BLUE ASH, Ohio -- Three longtime friends and LaSalle High School graduates promise to blend their love of music and craft brews in unexpected ways when they open Fretboard Brewing Co. this fall.
"All three of us are musicians," said Joe Sierra, one of the co-founders. "We want an experience that doesn't just embrace music but the creativity in music, that reflects the parallels between the creation and social aspects of music and brewing. We feel like they are very complementary to one another."
Sierra's business partners include Jim Klosterman and head brewer Brad Plank. Remodeling began last week on Fretboard's future location at 5800 Creek Road, Sierra said.
Blue Ash is the third location choice for the brewery, which Sierra, Plank and Klosterman began planning in 2014. Fretboard is also the brewery's second name; the owners originally planned to call it Six String Brew Works but changed the name after discovering a similarly named brewery, Four String Brewing Co. in Columbus.
"The process has been somewhat challenging," Sierra said. "We kept pushing and kept pushing to find the right place. It's a little bit surreal. To see things progressing, and then opening it up, will be awesome."
Once remodeling work is complete, Fretboard's front portion will include a taproom, 20-barrel brewhouse and Smoked Out BBQ, an eatery that the owners of O'Bryon's Bar & Grill will run. The back of the brewery will house a private entertainment area, offices and practice studios for musicians.
"(The studios) are there. We've got them on the plans," Klosterman said. "Now we get to decide what to do with them and how to do it. When we approached the brewery we wanted to make sure all the things we had done, our experience, got incorporated into the brewery as well."
Some of those experiences include Klosterman and Sierra playing guitar together in the local band Only Everything in the mid-2000s.
"We had worked with the Dave Matthews Band," Klosterman said. "We wanted to be on their label, but it never happened. For us, there is this intrinsic connection between music and beer. We were always playing music, drinking beer and talking about beer.
"We also practiced in studios in not the best parts of town. If someone said I could practice or play at a brewery, I would have practically paid anything for that."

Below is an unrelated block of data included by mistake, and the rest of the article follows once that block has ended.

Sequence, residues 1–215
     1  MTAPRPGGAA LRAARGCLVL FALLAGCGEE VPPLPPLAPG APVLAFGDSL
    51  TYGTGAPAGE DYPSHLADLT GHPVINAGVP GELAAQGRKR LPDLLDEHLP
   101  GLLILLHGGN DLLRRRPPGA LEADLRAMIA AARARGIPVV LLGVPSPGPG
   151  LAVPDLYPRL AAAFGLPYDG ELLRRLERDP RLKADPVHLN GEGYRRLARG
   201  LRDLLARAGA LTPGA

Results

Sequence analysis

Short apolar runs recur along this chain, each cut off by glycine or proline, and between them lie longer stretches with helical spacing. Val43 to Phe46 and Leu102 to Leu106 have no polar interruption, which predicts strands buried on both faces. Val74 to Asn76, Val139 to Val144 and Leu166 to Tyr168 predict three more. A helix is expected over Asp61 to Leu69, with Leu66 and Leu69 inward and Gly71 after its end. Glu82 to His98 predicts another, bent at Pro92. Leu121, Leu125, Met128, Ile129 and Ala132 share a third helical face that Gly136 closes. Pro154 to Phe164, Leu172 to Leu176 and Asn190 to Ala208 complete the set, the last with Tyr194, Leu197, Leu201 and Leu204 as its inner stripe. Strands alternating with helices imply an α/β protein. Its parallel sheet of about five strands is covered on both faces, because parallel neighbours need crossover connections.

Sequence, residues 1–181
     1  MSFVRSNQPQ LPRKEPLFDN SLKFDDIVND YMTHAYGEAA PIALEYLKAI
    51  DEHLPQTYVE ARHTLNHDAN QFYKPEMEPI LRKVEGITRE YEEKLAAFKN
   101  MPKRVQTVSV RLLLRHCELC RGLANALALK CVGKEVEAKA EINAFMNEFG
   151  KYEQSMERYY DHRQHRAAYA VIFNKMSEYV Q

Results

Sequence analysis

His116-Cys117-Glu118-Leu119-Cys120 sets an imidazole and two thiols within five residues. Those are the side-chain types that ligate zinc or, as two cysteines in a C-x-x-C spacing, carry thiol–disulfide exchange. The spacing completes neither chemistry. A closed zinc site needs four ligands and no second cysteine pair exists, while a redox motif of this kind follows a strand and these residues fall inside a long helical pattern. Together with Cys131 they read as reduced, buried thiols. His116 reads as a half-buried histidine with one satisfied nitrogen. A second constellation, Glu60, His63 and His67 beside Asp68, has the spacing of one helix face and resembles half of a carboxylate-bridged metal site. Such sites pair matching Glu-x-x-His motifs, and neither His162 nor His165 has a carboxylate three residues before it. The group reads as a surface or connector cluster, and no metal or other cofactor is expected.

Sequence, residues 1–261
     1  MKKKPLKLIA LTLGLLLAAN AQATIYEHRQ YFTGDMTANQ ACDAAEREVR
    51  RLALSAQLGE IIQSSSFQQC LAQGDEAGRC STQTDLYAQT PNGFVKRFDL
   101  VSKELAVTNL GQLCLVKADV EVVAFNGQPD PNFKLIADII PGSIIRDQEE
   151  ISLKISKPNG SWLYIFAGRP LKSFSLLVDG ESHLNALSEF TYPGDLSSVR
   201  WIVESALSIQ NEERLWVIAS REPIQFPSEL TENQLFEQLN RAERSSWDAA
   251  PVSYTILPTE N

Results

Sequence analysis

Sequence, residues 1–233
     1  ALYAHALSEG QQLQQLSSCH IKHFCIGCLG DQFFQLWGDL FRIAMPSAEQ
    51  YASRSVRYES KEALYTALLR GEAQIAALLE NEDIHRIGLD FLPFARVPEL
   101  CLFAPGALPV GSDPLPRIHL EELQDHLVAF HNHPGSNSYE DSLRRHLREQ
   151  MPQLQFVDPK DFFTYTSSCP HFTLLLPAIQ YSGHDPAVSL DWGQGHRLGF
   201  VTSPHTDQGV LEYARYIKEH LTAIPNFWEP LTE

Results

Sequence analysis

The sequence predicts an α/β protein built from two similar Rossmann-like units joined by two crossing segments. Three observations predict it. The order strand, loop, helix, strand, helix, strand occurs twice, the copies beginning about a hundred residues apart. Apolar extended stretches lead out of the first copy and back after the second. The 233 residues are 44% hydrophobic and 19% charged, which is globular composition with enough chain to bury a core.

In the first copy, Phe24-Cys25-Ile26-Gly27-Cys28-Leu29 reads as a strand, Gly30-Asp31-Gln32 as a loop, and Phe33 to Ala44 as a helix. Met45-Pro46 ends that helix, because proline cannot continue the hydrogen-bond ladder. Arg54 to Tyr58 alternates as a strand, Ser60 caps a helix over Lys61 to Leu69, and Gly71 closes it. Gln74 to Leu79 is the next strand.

'I have always loved beer'
On the brewery side of Fretboard, Klosterman said Plank brings more than a decade of home brewing experience.
Sierra and Klosterman had already started brainstorming ideas for the business when Plank got involved after reconnecting with Klosterman during their 20th high school anniversary in 2014.
"It was a happy accident," Plank said of the partnership. "I have always loved beer."
Two other events cemented the trio's partnership, Plank said.
First, the owners of Jefferson Social approached him about brewing the bar a house beer. ("I threw together a recipe," Plank said. "They liked it.") Then tragedy struck: Joe Sierra's brother, Cincinnati Police Officer Eric Sierra, died unexpectedly from a brain aneurysm on Nov. 8, 2014. When the owners of Jefferson Social heard the news, they put Plank, Sierra and Klosterman in contact with Rhinegeist Brewing. Rhinegeist offered to produce Plank's beer, distribute it and donate proceeds from sales to a fund supporting Eric Sierra's three children.
The American pale ale "S23," which the brewers named after Eric Sierra's badge number, will be on tap when Fretboard opens, Plank said.
Musical roots in brewery's name
The group recruited the help of longtime friend Lisa Boh, a partner at Kerning Brands, to research marketing and logo elements for their brewery. The co-founders initially contracted Kerning Brands last year to vet the Fretboard name with focus groups.
As Boh explained, the fretboard on a guitar is typically the neck on which a player presses down strings to create different notes.
"What we loved about finding a name that had to do with both Joe and Jim playing guitar is that the fretboard offers this beautiful visual, but it also tells this story of the finger on the strings," Boh said. "You want a name that leaves room for stories to be told but is also known to musicians and has a little bit of edge that musicians and music lovers get."
The owners said they were not ready to reveal all the surprises they will have in store when it comes to that musical and brewery experience. ("When we say we are going to have a music experience, it doesn't mean you're going to see a live band," Sierra said.) However, there will be musical elements to the names of Fretboard's beers, Klosterman said.
"Stouts are more complex and might be compared to jazz," he said. "We have a lot of opportunity to brand beers around certain styles of music. We certainly want to name our beers something that sticks."
Plank said he hopes to experiment, improvise and then tailor what he brews to meet consumers' tastes.
"I have a plan for a goetta beer," Plank said. "It seemed to be receptive among family and friends. No meat will be harmed in the process, I can tell you that. I might delve into the gluten-free stuff. I think we are going to be exploring a non-alcoholic craft beer. It's all about consumer reception."
The group said they hope to produce about 2,500 to 3,500 barrels of beer in their first year, with plans to self-distribute as well.
"You'll certainly find Joe and I playing at the brewery as well," Klosterman said. "That's really our idea behind it: Craft beer and craft music."